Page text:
The Malden family ended up canceling their trip and, in the process, lost $1,000 in flight and tour cancellation fees. They are not alone. Across Massachusetts and the country, would-be travelers are facing passport processing delays.

Outside Boston’s Thomas “Tip” O’Neill Federal Building, 25 Investigates spoke to frustrated residents seeking to get new or renewed passports for imminent travel.

“I cannot get a hold of anybody [at the call center] to find the status,” said Jennifer Lasher of Hopkinton, who was trying to get an in-person appointment at the passport agency. “I got up at six in the morning. I drove in to be here when they opened, and I was told that they won’t even talk to me.”

In-person appointments at U.S. passport agencies are typically limited and reserved for emergency travel within 72 hours. But getting one of those is nearly impossible these days, as people are willing to drive or fly to other states where a handful of appointments are still available.

We found numerous Facebook sites where people are sharing advice and even selling passport appointments. The State Department warns against paying a fee as appointments are free and it could be a scam.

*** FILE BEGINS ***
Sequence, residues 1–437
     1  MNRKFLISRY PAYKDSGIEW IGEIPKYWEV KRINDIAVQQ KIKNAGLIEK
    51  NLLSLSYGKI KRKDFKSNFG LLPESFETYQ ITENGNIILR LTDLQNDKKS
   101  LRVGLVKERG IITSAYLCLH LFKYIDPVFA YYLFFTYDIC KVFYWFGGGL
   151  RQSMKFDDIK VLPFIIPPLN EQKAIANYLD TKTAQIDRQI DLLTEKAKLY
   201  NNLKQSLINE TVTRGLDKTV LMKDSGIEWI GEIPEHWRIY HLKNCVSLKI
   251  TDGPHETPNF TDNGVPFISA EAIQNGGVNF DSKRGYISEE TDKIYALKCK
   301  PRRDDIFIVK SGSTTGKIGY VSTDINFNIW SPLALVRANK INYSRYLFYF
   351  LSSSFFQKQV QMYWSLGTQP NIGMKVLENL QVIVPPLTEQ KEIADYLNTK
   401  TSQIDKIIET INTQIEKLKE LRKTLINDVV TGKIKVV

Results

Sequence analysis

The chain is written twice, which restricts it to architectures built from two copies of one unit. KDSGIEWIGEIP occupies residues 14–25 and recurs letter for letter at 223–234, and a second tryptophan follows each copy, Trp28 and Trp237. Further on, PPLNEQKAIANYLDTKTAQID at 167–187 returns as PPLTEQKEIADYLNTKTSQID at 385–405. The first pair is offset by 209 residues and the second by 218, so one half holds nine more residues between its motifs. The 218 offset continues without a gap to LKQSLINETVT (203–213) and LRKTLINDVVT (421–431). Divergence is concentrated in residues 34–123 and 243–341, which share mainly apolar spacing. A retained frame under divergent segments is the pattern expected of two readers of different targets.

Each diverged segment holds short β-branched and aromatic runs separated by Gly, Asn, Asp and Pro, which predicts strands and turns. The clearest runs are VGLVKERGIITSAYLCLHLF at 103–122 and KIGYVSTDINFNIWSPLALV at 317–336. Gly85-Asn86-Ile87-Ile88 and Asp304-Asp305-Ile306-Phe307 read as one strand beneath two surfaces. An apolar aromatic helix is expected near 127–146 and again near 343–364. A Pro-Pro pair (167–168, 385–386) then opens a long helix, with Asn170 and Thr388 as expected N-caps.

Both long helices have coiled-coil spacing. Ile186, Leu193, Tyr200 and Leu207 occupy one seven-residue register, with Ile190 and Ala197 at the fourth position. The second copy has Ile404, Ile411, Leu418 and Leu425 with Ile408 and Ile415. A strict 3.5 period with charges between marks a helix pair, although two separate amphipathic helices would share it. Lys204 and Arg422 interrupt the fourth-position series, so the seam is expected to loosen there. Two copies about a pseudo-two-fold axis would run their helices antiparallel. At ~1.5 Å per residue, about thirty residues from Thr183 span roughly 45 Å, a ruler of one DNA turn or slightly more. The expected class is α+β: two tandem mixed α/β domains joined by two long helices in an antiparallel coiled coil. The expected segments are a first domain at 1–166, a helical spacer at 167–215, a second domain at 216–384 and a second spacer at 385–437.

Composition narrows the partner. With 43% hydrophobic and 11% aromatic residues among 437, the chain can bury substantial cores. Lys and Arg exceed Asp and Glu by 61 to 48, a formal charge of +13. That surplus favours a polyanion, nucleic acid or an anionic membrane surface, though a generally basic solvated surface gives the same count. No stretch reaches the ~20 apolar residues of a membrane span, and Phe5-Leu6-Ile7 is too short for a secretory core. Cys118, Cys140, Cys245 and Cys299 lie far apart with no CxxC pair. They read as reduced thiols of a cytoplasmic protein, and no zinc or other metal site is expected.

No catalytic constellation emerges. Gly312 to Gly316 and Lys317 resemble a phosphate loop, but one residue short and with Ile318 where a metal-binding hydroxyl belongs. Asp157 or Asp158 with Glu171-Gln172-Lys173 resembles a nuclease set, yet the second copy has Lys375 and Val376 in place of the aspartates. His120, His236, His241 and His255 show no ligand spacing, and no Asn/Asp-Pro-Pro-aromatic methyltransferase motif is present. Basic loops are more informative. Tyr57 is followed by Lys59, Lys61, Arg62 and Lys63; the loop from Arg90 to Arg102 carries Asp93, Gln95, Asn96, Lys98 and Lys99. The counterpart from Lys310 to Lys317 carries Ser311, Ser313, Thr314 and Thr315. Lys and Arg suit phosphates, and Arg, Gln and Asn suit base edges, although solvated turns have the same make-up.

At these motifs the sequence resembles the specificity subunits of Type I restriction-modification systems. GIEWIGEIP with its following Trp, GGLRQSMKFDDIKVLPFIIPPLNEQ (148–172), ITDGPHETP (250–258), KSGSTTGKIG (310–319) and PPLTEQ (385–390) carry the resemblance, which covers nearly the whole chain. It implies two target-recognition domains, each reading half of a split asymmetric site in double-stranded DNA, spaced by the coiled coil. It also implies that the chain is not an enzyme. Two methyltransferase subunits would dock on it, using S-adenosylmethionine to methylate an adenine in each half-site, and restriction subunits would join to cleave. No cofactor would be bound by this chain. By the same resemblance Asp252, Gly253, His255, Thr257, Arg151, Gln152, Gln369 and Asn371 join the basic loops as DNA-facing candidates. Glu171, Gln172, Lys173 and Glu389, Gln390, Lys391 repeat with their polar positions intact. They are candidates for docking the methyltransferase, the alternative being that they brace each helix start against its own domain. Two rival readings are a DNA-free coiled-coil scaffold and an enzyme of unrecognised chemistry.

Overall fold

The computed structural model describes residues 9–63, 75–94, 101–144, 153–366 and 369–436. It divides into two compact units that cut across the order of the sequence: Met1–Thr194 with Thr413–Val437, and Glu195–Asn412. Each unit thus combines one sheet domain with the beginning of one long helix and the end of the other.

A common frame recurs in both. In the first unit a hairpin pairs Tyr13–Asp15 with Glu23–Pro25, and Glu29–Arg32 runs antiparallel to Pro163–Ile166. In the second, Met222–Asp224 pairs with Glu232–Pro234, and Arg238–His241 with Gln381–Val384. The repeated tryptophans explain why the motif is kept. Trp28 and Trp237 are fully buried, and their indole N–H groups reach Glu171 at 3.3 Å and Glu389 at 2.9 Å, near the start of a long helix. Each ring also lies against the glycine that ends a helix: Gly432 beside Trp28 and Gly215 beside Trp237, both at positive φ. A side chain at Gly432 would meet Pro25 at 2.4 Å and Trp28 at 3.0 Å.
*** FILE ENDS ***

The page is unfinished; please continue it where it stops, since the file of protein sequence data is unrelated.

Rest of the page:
25 Investigates wanted to find out how things got so bad. We contacted the State Department, the U.S. Postal Service and a Congress member and found a number of issues at play.

The problem began when the secure facilities where passports are processed were closed for several months last year due to the pandemic. And even when they reopened, many offices were not fully staffed. The employees who have returned are contending with a massive backlog.

The State Department said there are currently 2 million applications it must process, and it is working to bring back more staff and increase hiring to meet the demand. The agency also said part of the problem involves “mailing delays.”

We contacted the U.S. Postal Service seeking an explanation. It sent us a press release that, in part, reads: “The Post Service continues its efforts to improve service performance and reliability with the goal of meeting or exceeding 95% of on-time delivery.”

Meanwhile, phones at the offices of U.S. representatives and senators have been ringing off the hook.